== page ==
Children should not be the object of anyone’s sexual fantasies.

Manga-is-not-a-crime-300x300When groups like the Comic Book Legal Defense Fund tell people like me that I need to help defend people like Hoque because we both enjoy art created with the same medium, it makes me cringe. If deviants like Hoque need defending, get other like-mind pedophiles to do it, not mainstream comic book nerds like me. Implying that I have anything in common with people like Hoque just because I enjoy Batman and X-Men comic books, seems more than a little silly to me.

New York Comic Con is now bigger than San Diego Comic-Con

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The New York Comic Con was held this past weekend, and thanks to Thursday now being a full-day, they were able to sell tickets to 151,000 unique individuals. This makes the New York Comic Con the largest, most attended comic convention in all of North America. The San Diego Comic-Con is now the second largest comic convention in all of North America with its attendance capped out at around 131,000 nerds.

The New York Comic Con is number one. The San Diego Comic-Con is number two.

The New York Comic Con is run by ReedPOP, a division of Reed Exhibitions, which in turn is a division of Reed Elsevier, a publically traded company based in the UK. The San Diego Comic-Con is run by Comic-Con International, a non-profit “educational” corporation. Even though the two organizations, ReedPOP and Comic-Con International, do the same exact thing, one pays taxes on its profits, and the other does not. One pays its fair share for local fees, the other does not.

Pretending to be a charity and getting out of paying taxes allows them to save a lot of money, allowing them to have the economic resources to engage in frivolous lawsuits.

Comic-Con International is legally classified as a charity, even though it’s no more a charity than ReedPOP or Wizard World.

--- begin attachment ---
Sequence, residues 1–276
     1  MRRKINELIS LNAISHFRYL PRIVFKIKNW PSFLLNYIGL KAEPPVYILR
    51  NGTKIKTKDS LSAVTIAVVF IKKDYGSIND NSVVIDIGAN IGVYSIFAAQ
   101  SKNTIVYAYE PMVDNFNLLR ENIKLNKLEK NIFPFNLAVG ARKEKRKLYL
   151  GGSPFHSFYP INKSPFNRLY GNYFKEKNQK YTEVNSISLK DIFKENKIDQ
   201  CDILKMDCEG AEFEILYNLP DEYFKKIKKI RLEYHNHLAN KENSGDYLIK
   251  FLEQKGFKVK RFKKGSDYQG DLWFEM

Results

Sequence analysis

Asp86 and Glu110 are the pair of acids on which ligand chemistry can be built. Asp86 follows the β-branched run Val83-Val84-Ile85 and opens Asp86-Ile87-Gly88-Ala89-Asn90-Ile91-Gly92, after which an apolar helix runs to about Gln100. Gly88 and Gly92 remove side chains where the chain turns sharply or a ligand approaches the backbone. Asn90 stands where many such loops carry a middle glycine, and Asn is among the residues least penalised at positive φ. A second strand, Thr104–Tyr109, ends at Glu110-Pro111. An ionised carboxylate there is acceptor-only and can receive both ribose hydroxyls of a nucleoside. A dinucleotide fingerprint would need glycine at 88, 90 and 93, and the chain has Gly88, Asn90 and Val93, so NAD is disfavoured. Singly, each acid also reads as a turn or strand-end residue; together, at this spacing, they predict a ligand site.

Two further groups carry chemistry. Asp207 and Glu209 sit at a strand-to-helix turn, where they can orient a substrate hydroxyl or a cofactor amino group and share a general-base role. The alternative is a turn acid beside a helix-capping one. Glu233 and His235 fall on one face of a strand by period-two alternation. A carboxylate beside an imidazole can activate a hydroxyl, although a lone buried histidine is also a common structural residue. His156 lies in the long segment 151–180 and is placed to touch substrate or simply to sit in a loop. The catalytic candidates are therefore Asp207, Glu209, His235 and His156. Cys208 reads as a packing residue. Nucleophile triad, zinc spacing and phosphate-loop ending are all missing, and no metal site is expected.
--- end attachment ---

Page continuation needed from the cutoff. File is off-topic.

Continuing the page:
Marvel Comics is killing Wolverine!

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I haven’t been following the story lines in mainstream superhero comics lately, so it came somewhat of a surprise to me when I learned that Marvel Comics is killing off its most popular character, Wolverine.

It’s going to happen in a four-issue mini-series by writer Charles Soule and artist Steve McNiven aptly titled, Death of Wolverine.

I don’t know what I find more ridiculous, that they would kill off their most beloved character or that they would spoil the ending by telegraphing what is going to happen. It’s a very comic bookish thing to do, to spoil the ending of a story in the book’s title.

One of the things I’m worried about with this story line is how it will effect our neighbors to the north, the people of Canada. Most people probably don’t realize it, but Wolverine is Canadian. People in Canada don’t have much to be proud about. Even though Wolverine is a fictitious comic book character, he’s one of the most respected and admired individuals by the Canadian people. He’s a Canadian role model. He’s right up there with Justin Bieber and that fat dude who helped open the 2010 Vancouver Winter Olympics with his slam poetry. When Wolverine is dead, that’s one less hero Canadians will have to look up to. When Wolverine is dead, I’m worried many Canadians will spiral out of control. The death of Wolverine might cause even more Canadians to sit all day at Tim Hortons eating donuts, drinking bad coffee, and smoking crack.

I remember when DC Comics killed of Superman. I was in the Air Force and stationed in upstate New York, near Syracuse. The week Superman #75, the issue where Superman was killed, came out, an area comic book shop was selling the comic for $100.